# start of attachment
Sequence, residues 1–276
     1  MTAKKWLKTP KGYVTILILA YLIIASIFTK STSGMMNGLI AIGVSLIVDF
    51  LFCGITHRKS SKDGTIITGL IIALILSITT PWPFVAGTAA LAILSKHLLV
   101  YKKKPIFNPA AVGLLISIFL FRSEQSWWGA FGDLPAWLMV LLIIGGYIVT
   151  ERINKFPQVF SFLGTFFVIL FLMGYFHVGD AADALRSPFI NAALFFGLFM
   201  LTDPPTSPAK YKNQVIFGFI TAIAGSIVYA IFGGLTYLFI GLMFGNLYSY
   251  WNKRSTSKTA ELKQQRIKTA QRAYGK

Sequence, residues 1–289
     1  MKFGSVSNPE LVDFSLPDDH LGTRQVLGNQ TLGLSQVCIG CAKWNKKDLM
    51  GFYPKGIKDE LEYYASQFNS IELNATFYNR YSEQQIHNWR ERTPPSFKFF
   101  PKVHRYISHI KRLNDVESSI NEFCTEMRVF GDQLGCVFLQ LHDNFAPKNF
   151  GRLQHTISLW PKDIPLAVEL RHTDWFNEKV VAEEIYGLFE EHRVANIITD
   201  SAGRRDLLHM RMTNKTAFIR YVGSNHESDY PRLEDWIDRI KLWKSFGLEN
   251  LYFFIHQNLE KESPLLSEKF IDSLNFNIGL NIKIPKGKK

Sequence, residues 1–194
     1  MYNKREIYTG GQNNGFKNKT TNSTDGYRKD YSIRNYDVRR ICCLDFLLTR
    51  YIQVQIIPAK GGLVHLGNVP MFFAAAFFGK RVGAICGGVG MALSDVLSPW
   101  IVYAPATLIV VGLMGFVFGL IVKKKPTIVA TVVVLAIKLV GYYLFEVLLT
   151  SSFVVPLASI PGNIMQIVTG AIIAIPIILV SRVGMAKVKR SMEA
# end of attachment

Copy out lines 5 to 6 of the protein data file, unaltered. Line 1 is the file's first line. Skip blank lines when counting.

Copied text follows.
   151  ERINKFPQVF SFLGTFFVIL FLMGYFHVGD AADALRSPFI NAALFFGLFM
   201  LTDPPTSPAK YKNQVIFGFI TAIAGSIVYA IFGGLTYLFI GLMFGNLYSY